caffeine, pre-workout, infinite_labs, EPOC
caffeine, pre-workout, infinite_labs, EPOC

How to Burn More Fat During Exercise

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Pre Workout Caffeine Increases Energy Expenditure

by: Robbie Durand

Caffeine has long been part of the pre-workout regimen for all gym advocates and professional athletes. Caffeine is well-known as a central nervous system stimulant. Studies have shown that caffeine can help an athlete perform better in a variety of different activities. It has been shown to be a powerful ergogenic aid that is beneficial in athletic performance and training. Caffeine has been shown to increase speed and power output, improve the length an athlete can train, and assist the athlete in resisting fatigue. Caffeine has also been proven to stimulate the brain, which contributes to an athlete’s clearer thinking and ability to concentrate harder on the task at hand. Caffeine is not just good for improving sports performance, but also increases energy metabolism according to new research.

Researchers examined if combining exercise and caffeine supplementation was more effective for promoting acute energy deficits and manipulations to substrate metabolism than exercise alone. Fourteen recreationally-active participants completed a resting control trial, a placebo exercise trial, and a caffeine exercise trial, in which the subjects were given 2 x 3 mg/kg/bw of caffeine 90 min. before and 30 min. after exercise) in a randomized, double-blinded design. Trials were 4 hours in duration with 1 hour of rest, 1 hour of cycling at ~65 % power at VO2max or rest, and a 2 hour recovery. Two hours after exercise, participants were offered an ad libitum test meal where energy and macronutrient intake were recorded.

At the end of the study, exercise plus caffeine resulted in significantly greater energy expenditure and fat oxidation compared to exercise alone and Control group. Consequently, exercise + caffeine created a greater energy deficit. Caffeine also led to exercise being perceived as less difficult and more enjoyable. Combining caffeine with exercise creates a greater energy deficit and the implications of this protocol for weight loss or maintenance over longer time periods in overweight/obese populations require further investigation.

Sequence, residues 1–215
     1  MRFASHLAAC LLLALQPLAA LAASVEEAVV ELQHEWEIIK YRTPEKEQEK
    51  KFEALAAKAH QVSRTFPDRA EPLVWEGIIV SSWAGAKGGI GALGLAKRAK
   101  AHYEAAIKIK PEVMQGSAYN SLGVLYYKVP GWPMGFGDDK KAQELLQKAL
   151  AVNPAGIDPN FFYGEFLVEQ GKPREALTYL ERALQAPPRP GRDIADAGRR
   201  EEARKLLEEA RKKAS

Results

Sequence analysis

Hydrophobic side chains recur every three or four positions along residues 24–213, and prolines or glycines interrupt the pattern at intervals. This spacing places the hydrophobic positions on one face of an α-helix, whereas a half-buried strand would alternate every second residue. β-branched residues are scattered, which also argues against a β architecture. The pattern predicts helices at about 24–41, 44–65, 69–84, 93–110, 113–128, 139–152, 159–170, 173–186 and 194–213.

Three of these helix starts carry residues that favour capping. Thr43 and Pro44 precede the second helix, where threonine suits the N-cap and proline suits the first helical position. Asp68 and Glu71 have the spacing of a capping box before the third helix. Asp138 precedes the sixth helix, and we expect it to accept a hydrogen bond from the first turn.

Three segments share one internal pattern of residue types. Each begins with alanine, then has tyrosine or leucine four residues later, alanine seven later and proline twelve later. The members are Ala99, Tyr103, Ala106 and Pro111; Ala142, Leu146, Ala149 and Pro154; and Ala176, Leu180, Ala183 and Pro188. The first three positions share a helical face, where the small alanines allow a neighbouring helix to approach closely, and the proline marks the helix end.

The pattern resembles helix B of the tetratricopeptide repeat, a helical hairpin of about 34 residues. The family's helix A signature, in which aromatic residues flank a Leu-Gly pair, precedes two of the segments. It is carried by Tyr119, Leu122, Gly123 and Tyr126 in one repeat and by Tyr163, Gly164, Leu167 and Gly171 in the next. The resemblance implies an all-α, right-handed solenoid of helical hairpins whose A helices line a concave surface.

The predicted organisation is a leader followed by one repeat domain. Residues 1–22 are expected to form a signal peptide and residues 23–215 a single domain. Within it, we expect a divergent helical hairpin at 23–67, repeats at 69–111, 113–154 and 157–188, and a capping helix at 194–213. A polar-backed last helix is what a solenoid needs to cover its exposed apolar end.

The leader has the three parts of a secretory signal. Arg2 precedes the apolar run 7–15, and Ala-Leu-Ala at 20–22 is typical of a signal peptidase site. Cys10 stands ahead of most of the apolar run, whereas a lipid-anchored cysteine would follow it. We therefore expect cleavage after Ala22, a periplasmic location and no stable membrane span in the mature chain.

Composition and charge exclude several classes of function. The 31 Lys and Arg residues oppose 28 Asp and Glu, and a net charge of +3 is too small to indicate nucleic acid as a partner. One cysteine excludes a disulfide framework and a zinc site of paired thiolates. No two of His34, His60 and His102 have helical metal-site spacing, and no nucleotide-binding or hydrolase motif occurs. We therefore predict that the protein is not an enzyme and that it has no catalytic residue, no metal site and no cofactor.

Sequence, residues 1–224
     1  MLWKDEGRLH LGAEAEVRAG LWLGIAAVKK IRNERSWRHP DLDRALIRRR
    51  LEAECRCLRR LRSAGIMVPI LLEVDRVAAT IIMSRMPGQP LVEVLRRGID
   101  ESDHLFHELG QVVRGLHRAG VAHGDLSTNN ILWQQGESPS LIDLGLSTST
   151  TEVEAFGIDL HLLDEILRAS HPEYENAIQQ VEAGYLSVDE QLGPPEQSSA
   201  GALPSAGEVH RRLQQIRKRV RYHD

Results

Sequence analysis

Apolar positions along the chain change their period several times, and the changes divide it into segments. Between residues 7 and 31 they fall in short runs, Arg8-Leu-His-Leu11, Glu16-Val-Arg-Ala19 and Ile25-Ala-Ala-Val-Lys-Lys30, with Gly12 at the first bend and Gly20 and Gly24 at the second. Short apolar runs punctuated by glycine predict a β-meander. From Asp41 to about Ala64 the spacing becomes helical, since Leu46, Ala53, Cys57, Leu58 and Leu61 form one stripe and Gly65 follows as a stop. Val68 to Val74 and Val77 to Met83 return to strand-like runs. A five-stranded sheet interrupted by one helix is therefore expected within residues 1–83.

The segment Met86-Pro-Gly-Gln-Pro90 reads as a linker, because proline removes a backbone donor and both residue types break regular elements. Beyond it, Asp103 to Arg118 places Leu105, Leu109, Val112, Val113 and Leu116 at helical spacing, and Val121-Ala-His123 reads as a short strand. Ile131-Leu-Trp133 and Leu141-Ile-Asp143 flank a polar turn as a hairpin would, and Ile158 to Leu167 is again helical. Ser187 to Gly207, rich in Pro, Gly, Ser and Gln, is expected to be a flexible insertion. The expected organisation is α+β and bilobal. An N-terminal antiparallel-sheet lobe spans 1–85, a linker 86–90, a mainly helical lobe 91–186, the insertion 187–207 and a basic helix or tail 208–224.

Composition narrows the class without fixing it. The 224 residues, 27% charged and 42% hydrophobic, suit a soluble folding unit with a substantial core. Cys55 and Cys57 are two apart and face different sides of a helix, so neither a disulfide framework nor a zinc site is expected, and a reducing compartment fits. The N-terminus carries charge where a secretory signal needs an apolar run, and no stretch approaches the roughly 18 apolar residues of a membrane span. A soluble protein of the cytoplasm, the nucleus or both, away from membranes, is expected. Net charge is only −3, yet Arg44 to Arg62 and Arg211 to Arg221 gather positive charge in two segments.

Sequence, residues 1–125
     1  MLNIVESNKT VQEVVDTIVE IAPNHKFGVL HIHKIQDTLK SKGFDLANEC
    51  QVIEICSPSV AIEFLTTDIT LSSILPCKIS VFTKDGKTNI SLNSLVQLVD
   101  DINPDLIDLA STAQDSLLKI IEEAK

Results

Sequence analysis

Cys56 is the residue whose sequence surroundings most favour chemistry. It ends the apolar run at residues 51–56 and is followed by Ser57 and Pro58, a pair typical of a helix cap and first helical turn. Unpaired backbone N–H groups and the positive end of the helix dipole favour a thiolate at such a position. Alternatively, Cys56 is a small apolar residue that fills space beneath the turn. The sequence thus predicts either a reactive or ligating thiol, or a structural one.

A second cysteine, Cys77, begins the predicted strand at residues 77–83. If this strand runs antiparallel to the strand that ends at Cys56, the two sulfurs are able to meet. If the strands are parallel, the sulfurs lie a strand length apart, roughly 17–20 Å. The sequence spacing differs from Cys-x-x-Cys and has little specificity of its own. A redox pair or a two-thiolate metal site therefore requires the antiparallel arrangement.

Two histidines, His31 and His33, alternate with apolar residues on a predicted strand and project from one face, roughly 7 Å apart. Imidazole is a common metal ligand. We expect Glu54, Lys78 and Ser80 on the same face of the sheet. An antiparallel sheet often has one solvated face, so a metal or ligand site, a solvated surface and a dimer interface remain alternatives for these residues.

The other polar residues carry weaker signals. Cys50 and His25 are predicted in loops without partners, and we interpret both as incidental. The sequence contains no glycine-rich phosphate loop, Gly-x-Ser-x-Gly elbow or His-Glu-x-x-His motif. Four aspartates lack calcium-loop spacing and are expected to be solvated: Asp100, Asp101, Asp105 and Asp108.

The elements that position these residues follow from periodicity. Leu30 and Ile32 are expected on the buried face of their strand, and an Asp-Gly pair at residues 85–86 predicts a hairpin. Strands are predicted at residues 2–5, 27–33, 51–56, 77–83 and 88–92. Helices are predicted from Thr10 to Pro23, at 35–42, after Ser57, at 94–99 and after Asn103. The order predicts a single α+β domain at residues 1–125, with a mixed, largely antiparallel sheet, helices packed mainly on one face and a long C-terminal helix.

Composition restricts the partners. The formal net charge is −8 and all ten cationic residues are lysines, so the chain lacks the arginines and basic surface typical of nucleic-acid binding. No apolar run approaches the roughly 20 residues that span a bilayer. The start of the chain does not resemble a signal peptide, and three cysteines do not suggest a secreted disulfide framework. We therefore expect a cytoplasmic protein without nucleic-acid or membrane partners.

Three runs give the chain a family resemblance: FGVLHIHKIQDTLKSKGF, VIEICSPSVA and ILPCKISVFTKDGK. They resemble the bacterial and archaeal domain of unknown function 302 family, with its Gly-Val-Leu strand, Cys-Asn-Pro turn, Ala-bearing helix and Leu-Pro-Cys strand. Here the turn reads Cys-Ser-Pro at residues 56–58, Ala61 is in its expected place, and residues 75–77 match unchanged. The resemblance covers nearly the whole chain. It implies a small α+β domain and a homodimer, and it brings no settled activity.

Muscular Man Doing Heavy Deadlift Exercise, caffeine, infinite_labs, caffeine, EPOC
At the end of the study, results revealed that EPOC was significantly higher with caffeine compared to placebo. With caffeine ingestion, oxygen uptake was significantly higher from 10 min pre-exercise to 70 min postexercise.

If you think that’s the end, it gets better for caffeine as a study also showed that caffeine can enhance metabolism after exercise as well. Researchers investigated the effect of acute caffeine intake on post-exercise oxygen consumption (EPOC) after intense resistance training. EPOC is a measure of metabolism after exercise. Fourteen strength-trained men who were caffeine users initially completed one-repetition maximum testing (1-RM) of four exercises: bench press, leg press, lat row, and shoulder press. On each of two days separated by one week, they completed four sets of each exercise to fatigue at 70-80% 1-RM, which was preceded by ingestion of caffeine (6 mg/kg) or placebo. Pre-exercise, indirect calorimetry was used to assess energy expenditure for 35 min.; this was repeated for 75 min. post-exercise while subjects remained seated in a quiet lab.

At the end of the study, results revealed that EPOC was significantly higher with caffeine compared to placebo. With caffeine ingestion, oxygen uptake was significantly higher from 10 min. pre-exercise to 70 min. post-exercise. Respiratory exchange ratio or fat oxidation was significantly different with caffeine versus placebo. Caffeine intake increased total energy expenditure by 15%, but the additional calories burned was minimal (+27 kcal). Caffeine ingestion in individuals regularly completing rigorous resistance training significantly increases EPOC and energy expenditure pre-and post-exercise, yet the magnitude of this effect is relatively small.

Schubert, Matthew M., et al. “Caffeine consumption around an exercise bout: effects on energy expenditure, energy intake, and exercise enjoyment.” Journal of Applied Physiology 117.7 (2014): 745-754.

Astorino TA, Martin BJ, Wong K, Schachtsiek L. Effect of acute caffeine ingestion on EPOC after intense resistance training. J Sports Med Phys Fitness. 2011 Mar;51(1):11-7.

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